Author : David Toyer
The launching of the Steber 3800 Sportfisher late last year marked the 60th anniversary for one of the most respected all-family owned and operated boat building companies in Australia.
Bruce Steber started building small timber boats in a factory at Brookvale on Sydney’s northern beaches just after the end of the Second World War, and in 1959 Stebercraft established itself as one of the industry’s pioneering companies when it introduced FRP construction for dinghies and small runabouts.
In 1974 Stebercraft ceased production of trailer boats and relocated to larger premises at Taree on the NSW mid-north coast. This change and relocation enabled the company to concentrate on, and expand, its commercial and recreational range of non-trailerable boats.
Though company founder Bruce Steber has now supposedly “retired” and operation of the business is carried out by his son Alan, Bruce still maintains a close contact with the business and keeps very active hands-on contact with the factory and most of the boats that roll out the doors.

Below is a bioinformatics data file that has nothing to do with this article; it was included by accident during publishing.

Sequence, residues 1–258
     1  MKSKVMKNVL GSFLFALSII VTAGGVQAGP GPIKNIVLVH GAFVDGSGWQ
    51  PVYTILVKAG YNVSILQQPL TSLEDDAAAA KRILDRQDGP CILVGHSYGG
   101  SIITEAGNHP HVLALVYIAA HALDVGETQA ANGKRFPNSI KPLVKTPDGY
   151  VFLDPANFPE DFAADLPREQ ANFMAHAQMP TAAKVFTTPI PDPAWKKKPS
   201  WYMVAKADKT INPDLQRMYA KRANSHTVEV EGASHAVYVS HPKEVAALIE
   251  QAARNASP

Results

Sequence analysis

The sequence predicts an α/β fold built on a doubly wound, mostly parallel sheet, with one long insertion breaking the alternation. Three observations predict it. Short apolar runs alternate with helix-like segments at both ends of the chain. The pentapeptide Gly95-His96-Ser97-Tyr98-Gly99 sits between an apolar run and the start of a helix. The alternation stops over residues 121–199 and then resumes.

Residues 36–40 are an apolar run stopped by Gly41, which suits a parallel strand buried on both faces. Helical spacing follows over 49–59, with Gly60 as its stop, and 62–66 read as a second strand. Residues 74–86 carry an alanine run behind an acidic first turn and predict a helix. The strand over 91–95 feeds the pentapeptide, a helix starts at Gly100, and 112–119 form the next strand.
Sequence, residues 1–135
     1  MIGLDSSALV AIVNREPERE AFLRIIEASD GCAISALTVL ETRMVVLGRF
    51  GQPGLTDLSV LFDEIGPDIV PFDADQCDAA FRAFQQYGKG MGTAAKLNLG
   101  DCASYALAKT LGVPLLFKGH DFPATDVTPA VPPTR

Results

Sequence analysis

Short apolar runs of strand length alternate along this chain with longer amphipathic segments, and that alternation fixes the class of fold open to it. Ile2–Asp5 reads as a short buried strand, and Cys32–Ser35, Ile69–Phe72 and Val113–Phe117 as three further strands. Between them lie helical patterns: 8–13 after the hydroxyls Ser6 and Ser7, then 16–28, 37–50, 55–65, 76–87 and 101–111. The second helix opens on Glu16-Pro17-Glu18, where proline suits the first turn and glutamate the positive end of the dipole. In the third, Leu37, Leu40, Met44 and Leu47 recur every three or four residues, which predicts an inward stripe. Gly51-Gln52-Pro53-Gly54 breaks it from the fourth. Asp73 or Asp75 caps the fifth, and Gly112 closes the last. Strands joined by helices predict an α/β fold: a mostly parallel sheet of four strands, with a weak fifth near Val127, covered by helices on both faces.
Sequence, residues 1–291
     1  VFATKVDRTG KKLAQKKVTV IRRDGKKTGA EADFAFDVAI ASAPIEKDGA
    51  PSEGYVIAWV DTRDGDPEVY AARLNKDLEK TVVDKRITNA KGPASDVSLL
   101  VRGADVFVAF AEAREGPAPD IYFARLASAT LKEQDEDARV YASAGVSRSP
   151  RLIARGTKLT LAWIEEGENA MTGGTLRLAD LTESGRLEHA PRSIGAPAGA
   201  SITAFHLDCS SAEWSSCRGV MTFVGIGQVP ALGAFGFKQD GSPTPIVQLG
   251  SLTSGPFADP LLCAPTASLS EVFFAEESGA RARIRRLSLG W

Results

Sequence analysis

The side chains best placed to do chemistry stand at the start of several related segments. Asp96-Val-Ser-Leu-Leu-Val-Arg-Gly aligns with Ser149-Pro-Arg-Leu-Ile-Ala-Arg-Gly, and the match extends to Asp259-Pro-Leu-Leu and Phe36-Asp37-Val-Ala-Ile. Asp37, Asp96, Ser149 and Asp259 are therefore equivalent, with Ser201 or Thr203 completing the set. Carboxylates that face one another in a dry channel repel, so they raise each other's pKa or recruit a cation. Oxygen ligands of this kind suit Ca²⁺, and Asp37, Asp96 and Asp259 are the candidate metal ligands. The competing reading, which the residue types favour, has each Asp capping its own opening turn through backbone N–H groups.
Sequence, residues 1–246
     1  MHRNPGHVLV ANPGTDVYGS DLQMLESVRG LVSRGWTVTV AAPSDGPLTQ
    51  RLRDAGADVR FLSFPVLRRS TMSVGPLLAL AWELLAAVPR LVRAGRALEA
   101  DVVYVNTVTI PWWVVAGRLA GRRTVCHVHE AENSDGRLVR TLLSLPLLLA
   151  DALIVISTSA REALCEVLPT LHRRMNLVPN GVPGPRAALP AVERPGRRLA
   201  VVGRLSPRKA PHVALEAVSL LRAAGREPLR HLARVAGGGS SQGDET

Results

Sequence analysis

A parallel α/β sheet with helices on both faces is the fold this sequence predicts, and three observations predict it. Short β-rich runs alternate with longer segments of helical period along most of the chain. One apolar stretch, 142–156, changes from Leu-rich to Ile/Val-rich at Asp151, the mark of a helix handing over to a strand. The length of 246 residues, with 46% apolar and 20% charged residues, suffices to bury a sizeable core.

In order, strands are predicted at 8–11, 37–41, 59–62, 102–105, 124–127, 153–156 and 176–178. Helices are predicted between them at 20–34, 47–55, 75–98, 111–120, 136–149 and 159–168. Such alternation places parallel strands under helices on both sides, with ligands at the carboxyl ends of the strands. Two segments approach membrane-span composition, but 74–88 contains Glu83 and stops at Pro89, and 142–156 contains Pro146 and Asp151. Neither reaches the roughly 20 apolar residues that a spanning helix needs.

While golf accounts for a lot of his time these days, with a boat (and at the moment it is the 3800 we have reviewed here) tied to the jetty of his waterfront property on the Manning River, and the factory only a kilometre or two away, Bruce will probably never fully retire from what has been almost a life long obsession.
Stebercraft is a fiercely proud Australian company. Almost without fail, it has an Aussie flag running from the ends of the game poles and has that flag featuring on its brochures. Alan is very active on AIMEX (Australian International Marine Export Group) and as an Austrade executive, he promotes the Australian boating industry to international markets.
Imported boats are challenging the viability of many Australian boatbuilders, but with an outstanding reputation for quality commercial boat design and construction, Stebercraft has been able to maintain a steady flow of orders for both local and overseas clients. Though much of the activity has been in the government, commercial, and charter fields, the recreation (private) boats have developed and benefited from that commercial reputation.